- Engaging Professionals
- Engaging Community Partners
- Research and Progress in Early Intervention
Information En Espanol: Acceso Temprano A Servicios – Autism Speaks
When is your toddler’s difficult behavior cause for concern? Learn more in this post, originally from the Urban Child Institute.
Partnerships between health care providers and community organizations could have a significant impact on health and developmental outcomes by assisting with early identification, supporting parents, and coordinating needed services in a timely manner. One successful example of such a partnership is led by 211 LA County.
Learn more about how LA County is improving developmental screening:
The Six by ’15 campaign aims to raise visibility of ways that states are improving the lives of people with disabilities and achieving the Six by ’15 goals. To that end, we will be posting examples of innovative state leaders on each of our goals, in a new series we’re calling Do This in Your State!
Oregon is leading in innovative approaches to increasing early childhood screening rates. Here’s how Judy Newman, Co-Director of Early Childhood CARES at the University of Oregon UCEDD describes their work:
The developmental screening was originally focused on the START training in doctors offices around the state. The START program is still providing many trainings around the state in addition to other screening efforts focused on medical professionals, childcare providers, and agency staff. Developmental screening is very much a statewide priority. One of the main objectives of the developmental screening initiative is to identify children needing help as early as possible and linking them with needed services and supports in their community. The early learning system, through the newly formed Early Learning Hubs are working to make sure this happens. A very important aspect of ensuring that referrals are made to appropriate services as soon as possible, is having up-to-date and easily accessible information about local services and supports. This is currently being done through our 211 info and 211 info Family a line specifically for parents of young children, Calls and texts are free, live and confidential. The line is staffed by master’s level professionals who also have the benefit of leveraging the 211info network database with thousands of community resources. They respond to inquiries about child development and behavioral strategies, school readiness and success, family stress and anxiety, parent support groups, playgroups, basic family resources.
This brief shares their experiences in working in these areas of screening and services – from building baseline data to tracking through to services. Developmental Screening in Oregon- 2014
Learn how parts of Help Me Grow were incorporated into Oregon’s early detection system (the ABCD & ABCD III projects, the START project, the “211 info” line): Oregon Help Me Grow Replication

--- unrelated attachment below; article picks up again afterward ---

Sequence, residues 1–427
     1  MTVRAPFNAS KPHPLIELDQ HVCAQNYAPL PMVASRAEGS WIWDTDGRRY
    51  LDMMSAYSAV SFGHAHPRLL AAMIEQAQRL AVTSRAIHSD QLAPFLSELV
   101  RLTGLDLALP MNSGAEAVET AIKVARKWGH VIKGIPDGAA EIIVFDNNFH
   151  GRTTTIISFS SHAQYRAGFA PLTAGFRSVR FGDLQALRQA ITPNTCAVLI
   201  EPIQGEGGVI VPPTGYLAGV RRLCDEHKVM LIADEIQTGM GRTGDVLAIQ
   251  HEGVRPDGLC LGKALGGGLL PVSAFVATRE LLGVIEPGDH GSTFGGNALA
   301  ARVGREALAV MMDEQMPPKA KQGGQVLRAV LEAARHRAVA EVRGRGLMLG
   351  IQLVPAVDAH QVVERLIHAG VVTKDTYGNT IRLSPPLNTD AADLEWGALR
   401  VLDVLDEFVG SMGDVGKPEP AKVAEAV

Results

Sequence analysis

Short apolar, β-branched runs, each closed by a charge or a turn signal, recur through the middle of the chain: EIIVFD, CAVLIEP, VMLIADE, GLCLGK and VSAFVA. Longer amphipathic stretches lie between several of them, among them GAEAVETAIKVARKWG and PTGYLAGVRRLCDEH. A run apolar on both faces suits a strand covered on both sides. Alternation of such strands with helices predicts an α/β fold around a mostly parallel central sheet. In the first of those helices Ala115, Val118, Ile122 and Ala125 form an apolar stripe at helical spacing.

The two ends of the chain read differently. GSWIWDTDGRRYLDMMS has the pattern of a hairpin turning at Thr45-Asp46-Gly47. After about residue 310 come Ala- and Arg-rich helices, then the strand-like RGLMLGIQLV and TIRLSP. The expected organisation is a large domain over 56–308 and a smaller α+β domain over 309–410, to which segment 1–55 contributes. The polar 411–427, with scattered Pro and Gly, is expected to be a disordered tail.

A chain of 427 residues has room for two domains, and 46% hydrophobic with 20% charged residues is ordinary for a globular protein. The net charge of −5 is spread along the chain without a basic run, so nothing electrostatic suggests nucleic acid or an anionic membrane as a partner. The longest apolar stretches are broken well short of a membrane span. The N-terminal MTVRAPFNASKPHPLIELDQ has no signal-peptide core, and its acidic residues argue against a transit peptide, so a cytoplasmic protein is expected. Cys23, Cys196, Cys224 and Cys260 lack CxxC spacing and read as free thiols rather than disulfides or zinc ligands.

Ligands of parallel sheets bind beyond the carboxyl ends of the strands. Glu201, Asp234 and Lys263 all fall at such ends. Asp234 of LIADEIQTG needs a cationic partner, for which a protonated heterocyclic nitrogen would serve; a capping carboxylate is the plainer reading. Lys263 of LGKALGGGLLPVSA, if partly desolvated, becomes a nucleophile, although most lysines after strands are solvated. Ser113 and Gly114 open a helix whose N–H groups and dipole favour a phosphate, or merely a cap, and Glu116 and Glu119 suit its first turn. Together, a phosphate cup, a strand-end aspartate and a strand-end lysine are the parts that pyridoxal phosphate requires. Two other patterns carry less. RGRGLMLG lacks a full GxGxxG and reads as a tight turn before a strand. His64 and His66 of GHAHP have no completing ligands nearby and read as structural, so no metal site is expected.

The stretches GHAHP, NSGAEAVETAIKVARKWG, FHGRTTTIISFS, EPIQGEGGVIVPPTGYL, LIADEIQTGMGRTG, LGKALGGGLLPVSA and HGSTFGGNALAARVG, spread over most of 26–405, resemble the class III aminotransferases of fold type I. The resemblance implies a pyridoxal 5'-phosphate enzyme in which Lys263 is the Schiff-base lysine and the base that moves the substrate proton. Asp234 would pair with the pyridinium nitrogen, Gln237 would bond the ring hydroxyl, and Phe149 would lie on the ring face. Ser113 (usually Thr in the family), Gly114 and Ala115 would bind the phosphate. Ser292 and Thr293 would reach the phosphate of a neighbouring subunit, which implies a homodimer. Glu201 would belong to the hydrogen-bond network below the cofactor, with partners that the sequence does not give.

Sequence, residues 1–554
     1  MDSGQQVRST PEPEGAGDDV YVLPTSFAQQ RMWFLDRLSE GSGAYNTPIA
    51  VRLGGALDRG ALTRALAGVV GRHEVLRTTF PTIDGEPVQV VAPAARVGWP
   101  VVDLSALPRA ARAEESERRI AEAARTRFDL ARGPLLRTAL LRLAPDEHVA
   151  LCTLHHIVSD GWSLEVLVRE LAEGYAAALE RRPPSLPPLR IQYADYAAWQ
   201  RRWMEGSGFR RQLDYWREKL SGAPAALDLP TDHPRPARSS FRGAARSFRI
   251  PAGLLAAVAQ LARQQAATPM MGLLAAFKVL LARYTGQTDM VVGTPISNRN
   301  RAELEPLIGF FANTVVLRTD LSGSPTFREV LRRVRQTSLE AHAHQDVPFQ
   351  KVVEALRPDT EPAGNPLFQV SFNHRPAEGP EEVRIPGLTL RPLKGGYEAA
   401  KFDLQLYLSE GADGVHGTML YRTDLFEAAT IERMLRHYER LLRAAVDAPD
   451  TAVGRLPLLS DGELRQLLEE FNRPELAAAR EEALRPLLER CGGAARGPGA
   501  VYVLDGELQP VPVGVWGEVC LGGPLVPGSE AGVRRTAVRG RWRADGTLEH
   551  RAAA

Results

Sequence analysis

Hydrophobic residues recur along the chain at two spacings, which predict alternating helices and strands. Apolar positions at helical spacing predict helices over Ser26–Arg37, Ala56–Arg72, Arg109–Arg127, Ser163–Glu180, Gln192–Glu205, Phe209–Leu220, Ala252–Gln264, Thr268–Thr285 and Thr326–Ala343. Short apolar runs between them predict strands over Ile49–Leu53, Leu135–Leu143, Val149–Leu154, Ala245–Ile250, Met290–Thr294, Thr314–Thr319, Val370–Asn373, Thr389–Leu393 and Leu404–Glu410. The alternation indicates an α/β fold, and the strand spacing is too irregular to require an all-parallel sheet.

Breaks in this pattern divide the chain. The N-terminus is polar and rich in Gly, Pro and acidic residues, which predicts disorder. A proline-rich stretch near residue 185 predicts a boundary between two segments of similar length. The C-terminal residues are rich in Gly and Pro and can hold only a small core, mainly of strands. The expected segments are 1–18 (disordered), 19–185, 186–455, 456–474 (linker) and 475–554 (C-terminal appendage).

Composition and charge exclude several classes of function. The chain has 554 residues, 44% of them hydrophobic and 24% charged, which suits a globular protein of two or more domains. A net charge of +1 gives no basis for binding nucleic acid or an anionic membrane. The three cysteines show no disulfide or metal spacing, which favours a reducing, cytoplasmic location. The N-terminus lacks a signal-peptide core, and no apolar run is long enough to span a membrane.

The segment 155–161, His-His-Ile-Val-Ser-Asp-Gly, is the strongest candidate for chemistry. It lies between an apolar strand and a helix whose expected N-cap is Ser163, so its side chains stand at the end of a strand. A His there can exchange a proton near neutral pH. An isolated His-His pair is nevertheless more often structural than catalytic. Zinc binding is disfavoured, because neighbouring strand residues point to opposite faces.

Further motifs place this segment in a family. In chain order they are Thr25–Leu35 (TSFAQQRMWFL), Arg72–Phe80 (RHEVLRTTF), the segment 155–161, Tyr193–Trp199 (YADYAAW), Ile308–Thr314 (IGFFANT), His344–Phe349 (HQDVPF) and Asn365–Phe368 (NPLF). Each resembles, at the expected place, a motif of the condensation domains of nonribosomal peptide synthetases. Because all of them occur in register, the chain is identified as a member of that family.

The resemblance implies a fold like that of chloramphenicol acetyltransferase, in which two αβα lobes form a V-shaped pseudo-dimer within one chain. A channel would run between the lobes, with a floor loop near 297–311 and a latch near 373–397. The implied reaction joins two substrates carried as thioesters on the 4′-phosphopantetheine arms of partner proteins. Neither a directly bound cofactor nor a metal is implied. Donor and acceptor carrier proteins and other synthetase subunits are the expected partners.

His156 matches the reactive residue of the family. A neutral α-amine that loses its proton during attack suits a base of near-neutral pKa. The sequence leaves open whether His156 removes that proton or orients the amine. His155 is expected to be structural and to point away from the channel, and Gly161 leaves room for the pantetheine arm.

This week’s Morbidity and Mortality Weekly Report published a supplement that examined the use of selected clinical preventive services among infants, children, and adolescents in the United States. This supplement indicates that millions of U.S. infants, children, and adolescents did not receive key clinical preventive services, such as screening for child development. In 2007, parents of almost eight in ten (79%) children aged 10–47 months were not asked by healthcare providers to complete a formal screen for developmental delays in the past year.
Increased use of clinical preventive services could improve the health of infants, children, and adolescents and promote healthy lifestyles that will enable them to achieve their full potential. Read the full Morbidity and Mortality Weekly Report article: Use of Selected Clinical Preventive Services to Improve Health of Infants, Children, and Adolescents – United States, 1999-2011
The Six by ’15 Campaign wants to see more children receive recommended developmental screening so that they can access the services they need as early as possible. Here on the blog, we invite contributions from partners in the disability community. Here are some new resources from the American Academy of Pediatrics and American Academy of Child and Adolescent Psychiatry on ways to enhance and strengthen early detection and intervention system.
Learn where your state stands and what they can do better to promote early childhood development with these tools:
See how your state is doing in the area of early childhood by looking at data available from the Early Childhood Data Collaborative (ECDC). The ECDC’s 2013 Early Childhood Data Systems Survey revealed states’ capacity to link child-level data, collect child development data, and governance of coordinated early childhood data systems varied. Observing the ECDC data is another way to assess changes in your state.
To promote a more coordinated approach to meeting the developmental needs of children, the Screening, Early Identification, Referral, Intake, Evaluation, and Services (SERIES) model was developed as a way to promote shared responsibility for helping each child successfully completes the entire pathway from screening to services. Check out the SERIES model as an example of how states can approach supporting child development.